The Whiteboard Method also helps students develop a hirable attitude along with the skills for their chosen career (in this case, in culinary arts). “I tell my students, ‘If you are good at asking intelligent questions, communicating with others, and working with a good attitude, you are hirable. I would

hire someone who isn’t as good at cooking but asks intelligent questions, works well with others, and has a good attitude over someone who is a great cook but has a terrible attitude, doesn’t work well with others, doesn’t ask intelligent questions, or just doesn’t ask questions in general, and makes assumptions that USUALLY end up costing a business money.”’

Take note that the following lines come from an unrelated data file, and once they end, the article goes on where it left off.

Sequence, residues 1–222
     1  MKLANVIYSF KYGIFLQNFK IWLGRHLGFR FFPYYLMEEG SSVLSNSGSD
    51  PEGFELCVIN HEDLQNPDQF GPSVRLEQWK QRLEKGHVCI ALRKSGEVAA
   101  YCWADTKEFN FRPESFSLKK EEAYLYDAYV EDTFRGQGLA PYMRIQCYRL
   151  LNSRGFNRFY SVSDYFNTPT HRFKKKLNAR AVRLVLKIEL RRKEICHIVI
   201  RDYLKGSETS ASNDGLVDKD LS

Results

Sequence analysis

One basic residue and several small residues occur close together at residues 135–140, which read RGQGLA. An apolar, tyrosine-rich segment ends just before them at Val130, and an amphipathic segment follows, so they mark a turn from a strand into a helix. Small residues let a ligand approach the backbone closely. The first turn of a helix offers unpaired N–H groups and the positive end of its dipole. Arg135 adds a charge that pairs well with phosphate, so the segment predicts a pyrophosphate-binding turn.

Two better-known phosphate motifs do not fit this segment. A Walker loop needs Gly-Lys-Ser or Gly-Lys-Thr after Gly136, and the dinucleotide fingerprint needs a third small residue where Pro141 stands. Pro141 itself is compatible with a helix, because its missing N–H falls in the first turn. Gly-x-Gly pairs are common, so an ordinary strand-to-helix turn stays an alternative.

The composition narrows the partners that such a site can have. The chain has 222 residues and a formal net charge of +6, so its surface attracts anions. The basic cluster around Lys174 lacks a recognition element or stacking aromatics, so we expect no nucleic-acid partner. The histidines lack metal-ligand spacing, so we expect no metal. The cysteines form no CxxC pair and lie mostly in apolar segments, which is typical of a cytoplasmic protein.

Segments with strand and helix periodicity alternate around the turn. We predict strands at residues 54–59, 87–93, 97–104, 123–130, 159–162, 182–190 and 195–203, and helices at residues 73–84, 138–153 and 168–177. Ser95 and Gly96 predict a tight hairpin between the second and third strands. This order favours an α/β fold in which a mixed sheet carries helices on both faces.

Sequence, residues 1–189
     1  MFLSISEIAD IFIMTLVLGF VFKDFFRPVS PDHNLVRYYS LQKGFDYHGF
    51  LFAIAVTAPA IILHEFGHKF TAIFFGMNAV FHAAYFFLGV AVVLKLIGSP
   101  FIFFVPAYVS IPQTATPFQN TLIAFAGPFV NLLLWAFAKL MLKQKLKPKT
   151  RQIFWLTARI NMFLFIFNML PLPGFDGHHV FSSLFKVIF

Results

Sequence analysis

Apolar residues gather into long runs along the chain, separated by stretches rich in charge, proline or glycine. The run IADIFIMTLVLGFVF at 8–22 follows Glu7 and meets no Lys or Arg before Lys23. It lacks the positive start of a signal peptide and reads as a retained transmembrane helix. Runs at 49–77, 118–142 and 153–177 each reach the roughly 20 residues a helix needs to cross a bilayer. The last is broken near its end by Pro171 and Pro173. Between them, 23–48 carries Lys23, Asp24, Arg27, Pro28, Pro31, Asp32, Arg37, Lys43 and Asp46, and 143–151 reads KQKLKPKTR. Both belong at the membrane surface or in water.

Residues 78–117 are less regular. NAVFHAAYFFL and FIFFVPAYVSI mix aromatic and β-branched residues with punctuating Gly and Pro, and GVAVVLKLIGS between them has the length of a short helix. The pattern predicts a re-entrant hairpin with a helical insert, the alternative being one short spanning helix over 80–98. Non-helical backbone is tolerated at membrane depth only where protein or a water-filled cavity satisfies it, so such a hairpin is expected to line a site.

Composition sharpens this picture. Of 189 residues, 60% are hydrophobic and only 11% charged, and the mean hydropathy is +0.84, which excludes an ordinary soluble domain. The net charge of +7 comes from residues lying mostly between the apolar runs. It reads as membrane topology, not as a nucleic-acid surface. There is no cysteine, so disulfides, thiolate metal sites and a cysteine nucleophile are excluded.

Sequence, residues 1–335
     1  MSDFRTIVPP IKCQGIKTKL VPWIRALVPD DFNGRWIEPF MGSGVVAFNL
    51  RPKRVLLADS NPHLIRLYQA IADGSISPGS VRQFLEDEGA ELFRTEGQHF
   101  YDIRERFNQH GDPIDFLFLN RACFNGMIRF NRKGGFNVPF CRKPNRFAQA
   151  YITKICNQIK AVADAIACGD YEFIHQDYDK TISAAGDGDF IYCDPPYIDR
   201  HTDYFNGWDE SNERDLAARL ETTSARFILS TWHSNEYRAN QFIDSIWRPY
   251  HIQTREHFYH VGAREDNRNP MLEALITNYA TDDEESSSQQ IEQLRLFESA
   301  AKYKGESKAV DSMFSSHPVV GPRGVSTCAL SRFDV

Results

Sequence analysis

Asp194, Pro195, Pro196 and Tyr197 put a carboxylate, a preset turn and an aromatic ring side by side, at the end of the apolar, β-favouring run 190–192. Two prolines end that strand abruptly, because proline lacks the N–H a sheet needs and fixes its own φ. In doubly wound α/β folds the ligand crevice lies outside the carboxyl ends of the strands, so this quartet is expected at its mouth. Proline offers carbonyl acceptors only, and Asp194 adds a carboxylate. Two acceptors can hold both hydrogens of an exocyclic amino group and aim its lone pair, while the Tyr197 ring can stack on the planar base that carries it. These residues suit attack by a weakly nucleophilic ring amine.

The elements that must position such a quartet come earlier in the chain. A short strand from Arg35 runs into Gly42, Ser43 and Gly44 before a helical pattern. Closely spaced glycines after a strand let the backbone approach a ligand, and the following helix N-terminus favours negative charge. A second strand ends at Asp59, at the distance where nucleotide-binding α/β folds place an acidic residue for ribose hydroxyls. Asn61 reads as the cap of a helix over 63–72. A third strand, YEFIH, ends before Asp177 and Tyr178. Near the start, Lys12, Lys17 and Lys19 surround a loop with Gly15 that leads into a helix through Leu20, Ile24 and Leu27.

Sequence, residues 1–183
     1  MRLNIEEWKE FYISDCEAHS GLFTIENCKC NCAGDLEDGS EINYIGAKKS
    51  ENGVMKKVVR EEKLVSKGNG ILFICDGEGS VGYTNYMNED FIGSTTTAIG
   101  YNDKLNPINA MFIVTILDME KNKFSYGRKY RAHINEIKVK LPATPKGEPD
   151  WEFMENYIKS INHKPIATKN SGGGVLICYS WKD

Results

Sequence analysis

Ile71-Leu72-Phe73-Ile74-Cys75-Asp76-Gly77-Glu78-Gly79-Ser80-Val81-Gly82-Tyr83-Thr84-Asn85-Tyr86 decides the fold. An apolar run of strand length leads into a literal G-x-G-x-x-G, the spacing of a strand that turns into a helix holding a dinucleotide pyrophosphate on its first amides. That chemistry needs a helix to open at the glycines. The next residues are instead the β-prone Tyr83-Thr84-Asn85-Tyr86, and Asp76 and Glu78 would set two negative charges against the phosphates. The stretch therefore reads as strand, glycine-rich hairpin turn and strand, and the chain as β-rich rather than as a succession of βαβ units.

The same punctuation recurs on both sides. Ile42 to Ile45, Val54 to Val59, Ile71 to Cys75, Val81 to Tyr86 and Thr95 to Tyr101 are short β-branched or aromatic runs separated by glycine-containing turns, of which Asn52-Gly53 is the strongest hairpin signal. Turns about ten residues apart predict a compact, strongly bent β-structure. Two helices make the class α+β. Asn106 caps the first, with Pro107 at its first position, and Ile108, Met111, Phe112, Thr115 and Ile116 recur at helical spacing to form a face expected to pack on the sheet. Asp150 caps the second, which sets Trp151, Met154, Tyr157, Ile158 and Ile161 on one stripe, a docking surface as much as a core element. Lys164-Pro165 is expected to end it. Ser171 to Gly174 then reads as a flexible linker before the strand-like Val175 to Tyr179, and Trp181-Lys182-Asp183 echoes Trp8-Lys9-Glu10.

The Whiteboard Method is one thoughtful way to incorporate a career topic into the daily learning experience—and there are many others. The purpose is to connect the dots for students and show them how the information and behaviors they’re learning today have relevance in their future careers.

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By focusing young people on the “for-now” decision, we can bring both focus to career exploration and relevance to academics. Far from being divorced from one another, academics and career exploration should work hand-in-hand to motivate students to increase their performance.

One Answer to the Career Exploration Challenge

Career exploration should be more of a priority in the K–12 world, and it should start in middle school. But these are formidable challenges. How do you talk careers with 12 year olds? Or for that matter, how do you integrate career exploration into the high school curriculum, not as an add-on item but as the connective tissue that infuses their academic subjects with relevance?